The Secretary of State to the Ambassador in France (Caffery)
1144. Urtel 1160 March 10.44 I understand and sympathize with Bidault’s position as stated orally to you. However difficult his position may have been as a result of Communist pressure exerted through the CGT, frankness compels me to state that if anyone has been put “on the spot” it has been the U.S., U.K. and French Govts through the action of the latter in advancing a proposal, the ramifications of [Page 1052] which do not appear to have been thought through and which we regard as fundamentally contrary to the best interests of the three Govts mentioned and particularly the French themselves. After the closing of the Franco-Spanish border45 it seems to us that this Govt’s proposal for a tripartite statement should have enabled Bidault to resist further pressure at this moment. Instead of stopping at this point, however, the French Govt chose to proceed, without further consultation, to propose the injection of the question into the Security Council and to seek outside support for this action. As our note implied, we are not prepared to support Bidault in following the line of least resistance by endorsing a proposal which, so far as the French have explained it, cannot lead in our view to a solution of the Spanish problem. In fact recent actions of the French Govt, according to information from Spain, have served to make more difficult peaceful evolution which is in the interest of all concerned including the Spanish people.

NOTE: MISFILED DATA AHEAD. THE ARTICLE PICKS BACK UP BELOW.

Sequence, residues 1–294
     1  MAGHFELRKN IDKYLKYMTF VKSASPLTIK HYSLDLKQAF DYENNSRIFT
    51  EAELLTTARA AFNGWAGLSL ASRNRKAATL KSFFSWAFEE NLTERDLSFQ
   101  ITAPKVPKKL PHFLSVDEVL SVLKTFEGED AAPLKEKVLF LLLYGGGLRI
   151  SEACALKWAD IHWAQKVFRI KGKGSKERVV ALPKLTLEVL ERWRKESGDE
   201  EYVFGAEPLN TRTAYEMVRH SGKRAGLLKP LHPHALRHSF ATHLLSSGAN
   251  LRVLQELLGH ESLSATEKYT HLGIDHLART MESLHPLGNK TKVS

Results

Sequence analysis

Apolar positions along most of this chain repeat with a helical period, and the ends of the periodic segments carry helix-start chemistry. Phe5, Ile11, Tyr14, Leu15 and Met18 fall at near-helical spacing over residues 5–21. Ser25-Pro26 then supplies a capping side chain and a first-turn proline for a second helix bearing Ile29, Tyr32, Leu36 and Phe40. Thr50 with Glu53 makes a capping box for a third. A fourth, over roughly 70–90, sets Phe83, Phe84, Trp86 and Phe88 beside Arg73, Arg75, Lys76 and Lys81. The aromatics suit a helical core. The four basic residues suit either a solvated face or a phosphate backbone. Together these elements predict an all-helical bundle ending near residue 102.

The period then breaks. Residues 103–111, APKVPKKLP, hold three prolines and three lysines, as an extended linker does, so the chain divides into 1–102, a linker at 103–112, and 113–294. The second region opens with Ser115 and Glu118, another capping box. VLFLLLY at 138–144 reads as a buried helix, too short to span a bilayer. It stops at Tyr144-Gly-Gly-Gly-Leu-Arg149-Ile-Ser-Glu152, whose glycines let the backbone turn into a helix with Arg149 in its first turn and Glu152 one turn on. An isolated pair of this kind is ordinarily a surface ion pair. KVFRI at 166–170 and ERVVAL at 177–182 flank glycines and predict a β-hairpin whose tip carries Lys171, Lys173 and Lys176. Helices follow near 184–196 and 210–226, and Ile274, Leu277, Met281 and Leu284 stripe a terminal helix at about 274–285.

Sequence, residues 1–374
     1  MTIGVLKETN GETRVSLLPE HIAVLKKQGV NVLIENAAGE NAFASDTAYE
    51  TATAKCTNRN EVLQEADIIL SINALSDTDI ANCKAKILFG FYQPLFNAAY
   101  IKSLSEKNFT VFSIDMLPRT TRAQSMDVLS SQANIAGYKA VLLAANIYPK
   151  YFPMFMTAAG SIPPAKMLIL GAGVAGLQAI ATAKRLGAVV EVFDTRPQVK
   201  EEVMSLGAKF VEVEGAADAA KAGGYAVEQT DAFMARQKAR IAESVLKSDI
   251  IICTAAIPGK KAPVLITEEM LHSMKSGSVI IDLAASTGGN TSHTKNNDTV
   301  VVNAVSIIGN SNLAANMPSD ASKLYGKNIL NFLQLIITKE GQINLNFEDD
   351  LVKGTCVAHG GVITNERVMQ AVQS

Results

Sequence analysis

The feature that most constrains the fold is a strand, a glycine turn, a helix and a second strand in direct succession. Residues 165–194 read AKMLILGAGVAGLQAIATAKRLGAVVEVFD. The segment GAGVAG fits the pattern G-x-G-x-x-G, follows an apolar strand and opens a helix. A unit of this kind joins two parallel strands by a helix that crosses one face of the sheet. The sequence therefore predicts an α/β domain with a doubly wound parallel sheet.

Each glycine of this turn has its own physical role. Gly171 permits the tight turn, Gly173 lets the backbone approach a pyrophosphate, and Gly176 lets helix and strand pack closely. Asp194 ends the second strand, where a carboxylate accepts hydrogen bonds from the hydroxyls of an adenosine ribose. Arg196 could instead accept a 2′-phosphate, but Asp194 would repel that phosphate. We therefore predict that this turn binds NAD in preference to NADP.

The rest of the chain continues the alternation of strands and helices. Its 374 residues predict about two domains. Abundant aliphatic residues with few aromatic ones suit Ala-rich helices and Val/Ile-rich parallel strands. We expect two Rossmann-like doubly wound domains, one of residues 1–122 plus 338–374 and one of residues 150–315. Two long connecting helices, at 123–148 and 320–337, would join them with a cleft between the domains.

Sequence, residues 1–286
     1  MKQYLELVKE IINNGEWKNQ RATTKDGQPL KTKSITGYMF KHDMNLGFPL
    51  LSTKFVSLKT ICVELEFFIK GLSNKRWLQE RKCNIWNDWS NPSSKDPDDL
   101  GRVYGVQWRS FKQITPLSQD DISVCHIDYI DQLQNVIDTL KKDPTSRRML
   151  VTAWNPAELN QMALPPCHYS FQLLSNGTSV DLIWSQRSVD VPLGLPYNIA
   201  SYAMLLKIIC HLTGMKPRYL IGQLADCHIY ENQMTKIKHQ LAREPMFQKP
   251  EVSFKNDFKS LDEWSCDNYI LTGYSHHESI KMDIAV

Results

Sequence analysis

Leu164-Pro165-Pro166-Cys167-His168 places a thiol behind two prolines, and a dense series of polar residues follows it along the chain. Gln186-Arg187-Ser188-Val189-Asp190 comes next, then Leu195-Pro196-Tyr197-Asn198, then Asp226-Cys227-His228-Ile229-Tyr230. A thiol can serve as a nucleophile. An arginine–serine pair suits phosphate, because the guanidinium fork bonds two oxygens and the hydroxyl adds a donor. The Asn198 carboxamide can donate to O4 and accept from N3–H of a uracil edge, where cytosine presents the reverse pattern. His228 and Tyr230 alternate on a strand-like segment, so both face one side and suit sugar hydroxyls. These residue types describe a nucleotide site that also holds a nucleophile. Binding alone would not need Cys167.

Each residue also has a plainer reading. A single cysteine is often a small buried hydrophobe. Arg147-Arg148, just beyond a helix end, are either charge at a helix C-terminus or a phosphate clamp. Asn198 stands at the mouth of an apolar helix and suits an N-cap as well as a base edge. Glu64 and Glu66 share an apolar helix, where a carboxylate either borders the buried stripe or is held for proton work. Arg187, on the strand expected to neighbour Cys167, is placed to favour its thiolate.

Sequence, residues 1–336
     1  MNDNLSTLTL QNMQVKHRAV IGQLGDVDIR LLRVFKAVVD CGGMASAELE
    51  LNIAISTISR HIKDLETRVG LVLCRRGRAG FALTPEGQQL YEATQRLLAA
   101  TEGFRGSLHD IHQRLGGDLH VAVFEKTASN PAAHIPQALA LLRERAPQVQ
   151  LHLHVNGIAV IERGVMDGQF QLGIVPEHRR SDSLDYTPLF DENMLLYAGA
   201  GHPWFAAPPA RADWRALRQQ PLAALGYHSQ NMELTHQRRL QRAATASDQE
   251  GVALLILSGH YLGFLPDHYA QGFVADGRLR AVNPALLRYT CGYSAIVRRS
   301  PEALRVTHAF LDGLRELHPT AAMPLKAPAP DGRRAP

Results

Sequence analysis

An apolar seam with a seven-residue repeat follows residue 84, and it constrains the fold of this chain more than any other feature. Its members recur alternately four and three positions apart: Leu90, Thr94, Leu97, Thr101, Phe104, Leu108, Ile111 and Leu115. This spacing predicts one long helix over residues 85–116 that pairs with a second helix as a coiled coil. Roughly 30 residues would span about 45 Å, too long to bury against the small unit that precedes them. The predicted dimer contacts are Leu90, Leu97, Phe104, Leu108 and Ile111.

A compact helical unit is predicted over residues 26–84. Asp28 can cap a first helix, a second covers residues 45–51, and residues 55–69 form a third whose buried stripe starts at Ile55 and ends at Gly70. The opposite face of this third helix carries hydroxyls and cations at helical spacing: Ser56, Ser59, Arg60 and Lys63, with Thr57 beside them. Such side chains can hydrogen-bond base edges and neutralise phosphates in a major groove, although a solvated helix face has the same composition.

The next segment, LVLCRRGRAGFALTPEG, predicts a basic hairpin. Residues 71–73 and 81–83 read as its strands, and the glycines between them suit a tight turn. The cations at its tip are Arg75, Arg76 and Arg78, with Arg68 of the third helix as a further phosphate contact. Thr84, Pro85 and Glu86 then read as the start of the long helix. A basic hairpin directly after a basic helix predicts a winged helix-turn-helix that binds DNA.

My inclination would be to have you make this very clear to Bidault, but I have concluded to leave the decision in this regard to your discretion in view of the internal political situation in France, particularly Bidault’s personal position and that of the MRP in the coalition government. In discussing Security Council proposal with members of the French Emb here in Washington we have been entirely frank in letting them know why we do not see eye to eye with their Govt.